The first half of the 20th Century was the heroic age of American conservation. The Forest Service was founded in 1905, the National Park Service in 1916. The Civilian Conservation Corps (CCC) and Works Progress Administration (WPA) came out of the New Deal. The 1940s brought the American Tree Farm System (ATFS) and Aldo Leopold’s land ethic described in the “Sand County Almanac.”
I chose to use the term heroic age specifically and not golden age. Heroic ages produce the good stories and the … heroes, but they are not pleasant for the people living through them. Heroic times require heroes and heroic effort precisely because time are so tough.
The push toward conservation was provoked by severe ecological disasters. A series of disastrous forest fires culminating in the Great Fire of 1910, called variously the “Big Burn” or the “Big Blow-up.” Call it what you will, it burned about three million acres and killed 87 people, mostly firefighters. Even w/o it burning up, experts predicted that we would run out of wood within a few decades. The horrors of the dust bowl, the worse hard time, have entered the mainstream American imagination, but we usually fair to understand the extent of the loss of soil and productivity. Yes, the heroic age of conservation was a dark, dusty and dangerous time and people who thought deeply about the environment probably thought it would only get worse.
We have come a long way, but some of the solutions from the heroic age have become burdens today. Conservation heroes such as both Roosevelts and Gifford Pinchot used warlike metaphors to describe the fight to improve the environment. I just did it too, since it is hard to get away from their formulation. But then the concept of struggle is big in any heroic narratives.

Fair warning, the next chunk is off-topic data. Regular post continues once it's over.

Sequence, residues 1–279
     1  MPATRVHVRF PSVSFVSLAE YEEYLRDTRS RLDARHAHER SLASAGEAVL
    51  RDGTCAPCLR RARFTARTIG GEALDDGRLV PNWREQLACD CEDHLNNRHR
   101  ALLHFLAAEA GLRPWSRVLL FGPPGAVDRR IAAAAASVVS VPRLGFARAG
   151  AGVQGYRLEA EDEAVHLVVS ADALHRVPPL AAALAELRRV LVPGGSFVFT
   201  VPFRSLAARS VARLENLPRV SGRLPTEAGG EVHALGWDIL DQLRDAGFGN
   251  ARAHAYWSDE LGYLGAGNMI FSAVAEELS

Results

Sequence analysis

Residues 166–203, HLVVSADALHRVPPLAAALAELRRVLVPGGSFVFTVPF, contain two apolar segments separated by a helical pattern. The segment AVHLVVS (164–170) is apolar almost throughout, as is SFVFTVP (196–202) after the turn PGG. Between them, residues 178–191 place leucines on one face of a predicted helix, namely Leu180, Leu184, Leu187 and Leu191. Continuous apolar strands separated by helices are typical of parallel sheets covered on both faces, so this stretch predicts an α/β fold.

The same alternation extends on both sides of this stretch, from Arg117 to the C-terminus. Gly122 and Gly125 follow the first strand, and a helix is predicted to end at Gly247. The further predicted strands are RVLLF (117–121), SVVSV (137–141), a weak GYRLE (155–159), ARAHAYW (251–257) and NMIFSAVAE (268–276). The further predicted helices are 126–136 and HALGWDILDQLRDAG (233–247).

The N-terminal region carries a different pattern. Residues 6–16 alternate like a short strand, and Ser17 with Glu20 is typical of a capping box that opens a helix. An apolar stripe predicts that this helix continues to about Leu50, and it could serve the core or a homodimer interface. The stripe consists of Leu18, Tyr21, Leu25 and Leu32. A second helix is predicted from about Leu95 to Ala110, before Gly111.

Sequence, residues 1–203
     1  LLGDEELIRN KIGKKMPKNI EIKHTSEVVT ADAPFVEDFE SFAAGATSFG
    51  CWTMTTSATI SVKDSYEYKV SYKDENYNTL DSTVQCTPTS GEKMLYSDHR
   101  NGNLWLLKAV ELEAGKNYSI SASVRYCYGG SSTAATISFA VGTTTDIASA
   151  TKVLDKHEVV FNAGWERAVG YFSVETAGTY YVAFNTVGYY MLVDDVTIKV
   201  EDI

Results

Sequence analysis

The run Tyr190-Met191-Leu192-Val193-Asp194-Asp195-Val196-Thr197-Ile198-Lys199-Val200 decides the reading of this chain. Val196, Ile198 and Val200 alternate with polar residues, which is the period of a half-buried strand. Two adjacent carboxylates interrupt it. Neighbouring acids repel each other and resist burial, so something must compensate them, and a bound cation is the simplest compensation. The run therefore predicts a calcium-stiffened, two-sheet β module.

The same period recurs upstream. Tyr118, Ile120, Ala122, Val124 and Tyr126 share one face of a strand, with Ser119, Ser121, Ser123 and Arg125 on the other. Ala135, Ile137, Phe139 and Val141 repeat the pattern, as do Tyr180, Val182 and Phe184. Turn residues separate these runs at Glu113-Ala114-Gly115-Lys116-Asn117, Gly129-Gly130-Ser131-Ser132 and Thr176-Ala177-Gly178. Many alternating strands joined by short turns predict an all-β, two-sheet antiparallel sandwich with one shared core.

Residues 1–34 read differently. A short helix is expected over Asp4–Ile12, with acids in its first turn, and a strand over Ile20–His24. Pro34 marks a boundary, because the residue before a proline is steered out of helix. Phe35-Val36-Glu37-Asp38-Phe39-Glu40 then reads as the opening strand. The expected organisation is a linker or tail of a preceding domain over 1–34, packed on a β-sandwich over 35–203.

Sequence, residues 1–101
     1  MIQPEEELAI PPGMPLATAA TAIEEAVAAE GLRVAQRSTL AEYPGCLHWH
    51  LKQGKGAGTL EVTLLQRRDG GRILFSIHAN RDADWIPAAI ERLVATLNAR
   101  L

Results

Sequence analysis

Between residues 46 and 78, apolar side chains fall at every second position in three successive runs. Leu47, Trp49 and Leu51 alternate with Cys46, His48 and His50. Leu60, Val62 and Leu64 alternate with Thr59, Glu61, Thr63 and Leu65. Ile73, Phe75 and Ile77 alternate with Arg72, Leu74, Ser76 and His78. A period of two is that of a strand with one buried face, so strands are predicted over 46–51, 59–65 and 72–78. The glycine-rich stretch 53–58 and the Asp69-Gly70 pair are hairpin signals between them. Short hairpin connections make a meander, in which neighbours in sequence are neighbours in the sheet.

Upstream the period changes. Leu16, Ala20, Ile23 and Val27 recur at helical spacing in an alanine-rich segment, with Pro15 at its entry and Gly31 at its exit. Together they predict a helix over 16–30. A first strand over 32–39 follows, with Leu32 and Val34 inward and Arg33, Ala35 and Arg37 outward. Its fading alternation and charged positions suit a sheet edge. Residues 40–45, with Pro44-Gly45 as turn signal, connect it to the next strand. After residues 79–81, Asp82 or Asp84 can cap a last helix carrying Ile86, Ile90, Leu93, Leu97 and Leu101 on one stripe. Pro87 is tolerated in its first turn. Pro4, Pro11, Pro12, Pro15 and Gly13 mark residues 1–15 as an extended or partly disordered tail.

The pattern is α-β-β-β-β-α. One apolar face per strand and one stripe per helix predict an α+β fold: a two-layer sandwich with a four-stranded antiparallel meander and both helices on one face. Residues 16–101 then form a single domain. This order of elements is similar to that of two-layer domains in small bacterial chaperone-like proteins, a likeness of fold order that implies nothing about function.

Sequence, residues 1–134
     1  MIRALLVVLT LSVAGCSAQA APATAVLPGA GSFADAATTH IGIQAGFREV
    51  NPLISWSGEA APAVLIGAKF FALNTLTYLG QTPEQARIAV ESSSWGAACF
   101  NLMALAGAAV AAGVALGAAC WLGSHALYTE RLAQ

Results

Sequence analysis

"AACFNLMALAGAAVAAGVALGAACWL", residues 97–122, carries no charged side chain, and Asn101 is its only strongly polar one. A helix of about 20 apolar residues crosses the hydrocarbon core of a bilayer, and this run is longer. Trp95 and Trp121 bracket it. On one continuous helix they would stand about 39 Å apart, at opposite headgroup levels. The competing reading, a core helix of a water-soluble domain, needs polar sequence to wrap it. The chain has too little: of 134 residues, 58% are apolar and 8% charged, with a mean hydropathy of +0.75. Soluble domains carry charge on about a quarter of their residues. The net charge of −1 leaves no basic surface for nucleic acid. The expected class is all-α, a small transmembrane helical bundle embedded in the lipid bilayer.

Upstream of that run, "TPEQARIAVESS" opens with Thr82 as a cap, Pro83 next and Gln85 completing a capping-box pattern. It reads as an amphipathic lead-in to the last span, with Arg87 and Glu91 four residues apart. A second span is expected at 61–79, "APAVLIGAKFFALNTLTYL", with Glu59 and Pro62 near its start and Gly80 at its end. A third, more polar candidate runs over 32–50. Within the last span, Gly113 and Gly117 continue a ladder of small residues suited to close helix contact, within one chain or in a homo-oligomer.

One of the things Pinchot did was to put fire in the role of enemy of the forest. It is easy to criticize this as a mistake but it made sense at the time. He was struggling to get acceptance for the Forest Service and for conservation more generally. America’s recent experience with fire made it easy to identify this destructive and deadly force as the enemy. Ordinary people could easily see the need to protect forests from the destruction. It worked too well and for more than a half century, we fought to keep fire out. This fundamentally changed the ecology of the ecosystems and built up excess fuel that fuel leading to even more disastrous fires.
There is no enemy and no struggle when you think systemically and ecologically. Factors are more or less appropriate contingent upon the situation at hand. Moreover, the situation is constantly changing, making the appropriate response different ever time. The thing you need to eradicate today may be the thing you propagate tomorrow. It is further complicated by the obvious fact that we alter the situation by working with it, even by just looking at it.
Anyway, these are some more of my thoughts from Hyde Park. You see what you look for. I could talk about FDR’s social or economic reforms, but I still see the conservationist.
My first picture is the Hudson Valley near Hyde Park. Next is a collection of New Deal posters about the National Parks. These posters were made as part of the Federal Arts Project, part of the WPA. After that is FDR talking to Gifford Pinchot and finally is me listening to a “fireside chat” in a reproduction of a 1930s kitchen.